Also shown in Catalog 18 are 40 and 50 HP single-cylinder horizontal models rated at 235 rpm (Figure 5). These engines were described primarily as kerosene engines, but the fuel list also includes 'power distillate,' 'motor spirits,' gas and gasoline. These models were available only in plain-cylinder versions. A Madison-Kipp force-feed lubricator, feeding the main bearings, crank pin and cylinder, was standard equipment. The throttling-governor carburetor was mounted above the cylinder head and the general construction of these models was in accordance with the smaller Lauson models. Production of these engines probably ceased sometime around 1918.

'Special Electric' variations of the spoke flywheel models, designed for driving direct-lighting electric generators, became available around 1913. Many Lauson Special Electric engines were sold as the driver on Edison Company electric lighting plants. These throttle-governed engines were equipped with extra-heavy flywheels but were otherwise similar to 'regular' Lauson engine models.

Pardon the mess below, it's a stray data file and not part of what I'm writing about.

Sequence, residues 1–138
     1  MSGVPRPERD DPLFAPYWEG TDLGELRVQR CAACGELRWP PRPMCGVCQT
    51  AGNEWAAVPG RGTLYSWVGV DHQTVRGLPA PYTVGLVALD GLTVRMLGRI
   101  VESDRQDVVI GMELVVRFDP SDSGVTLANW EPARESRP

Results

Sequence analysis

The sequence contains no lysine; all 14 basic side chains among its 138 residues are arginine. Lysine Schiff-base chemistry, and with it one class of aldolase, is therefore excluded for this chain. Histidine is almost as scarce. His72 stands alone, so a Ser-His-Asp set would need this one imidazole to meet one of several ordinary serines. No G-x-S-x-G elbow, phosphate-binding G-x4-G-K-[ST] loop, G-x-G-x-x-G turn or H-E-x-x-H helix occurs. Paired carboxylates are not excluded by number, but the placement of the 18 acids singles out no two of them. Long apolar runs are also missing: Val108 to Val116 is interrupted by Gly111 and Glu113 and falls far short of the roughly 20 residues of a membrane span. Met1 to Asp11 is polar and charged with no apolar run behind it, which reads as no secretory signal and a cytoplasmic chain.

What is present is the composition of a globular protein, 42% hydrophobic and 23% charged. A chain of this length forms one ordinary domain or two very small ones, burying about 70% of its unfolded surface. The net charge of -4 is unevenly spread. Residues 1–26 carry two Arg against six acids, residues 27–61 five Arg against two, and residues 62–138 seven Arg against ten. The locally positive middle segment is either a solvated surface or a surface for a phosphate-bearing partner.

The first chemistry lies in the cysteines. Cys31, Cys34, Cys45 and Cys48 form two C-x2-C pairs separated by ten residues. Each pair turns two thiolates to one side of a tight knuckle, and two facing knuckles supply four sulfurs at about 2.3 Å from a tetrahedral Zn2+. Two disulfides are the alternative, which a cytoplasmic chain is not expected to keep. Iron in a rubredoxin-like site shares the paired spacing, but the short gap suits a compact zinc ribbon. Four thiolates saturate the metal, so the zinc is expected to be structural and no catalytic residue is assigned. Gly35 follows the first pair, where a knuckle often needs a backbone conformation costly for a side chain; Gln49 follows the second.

Catalog C 8-13 illustrates kerosene burning Special Electric engines, equipped with the above-head carburetor (Figure 6). This style of carburetor was used on the Lauson kerosene burning engines until approximately 1917-1918.

Catalog 18 indicates that the Special Electric engines were available in plain-cylinder and hopper-cooled styles, in sizes from 2-1/2 to 50 HP. A gasoline-fueled version is shown, with the suction feed carburetor located beneath the cylinder head. Figure 7 illustrates a gasoline-fueled Special Electric engine equipped with a Madison-Kipp force-feed lubricator. A 1918 price list indicates that the Special Electric range covered 3 to 28 HP and that the engines could also be ordered for burning gaseous fuels. An instruction book published sometime in the 1919-1924 era indicates that the Special Electric engines were still available in both the hopper-cooled and plain-cylinder styles, for gas, gasoline and kerosene fuels, ranging from 3 to 18 HP (by that time, 18 HP was the top of the line for the 'regular' Lauson engines). The circa 1924 and 1928 catalogs indicate that the Special Electric engines were only available as 6, 8, 12, 14 and 18 HP plain-cylinder models. Production of the Special Electric engines probably ceased sometime around 1930. These engines are not described in Catalog A of 1930 (date unconfirmed).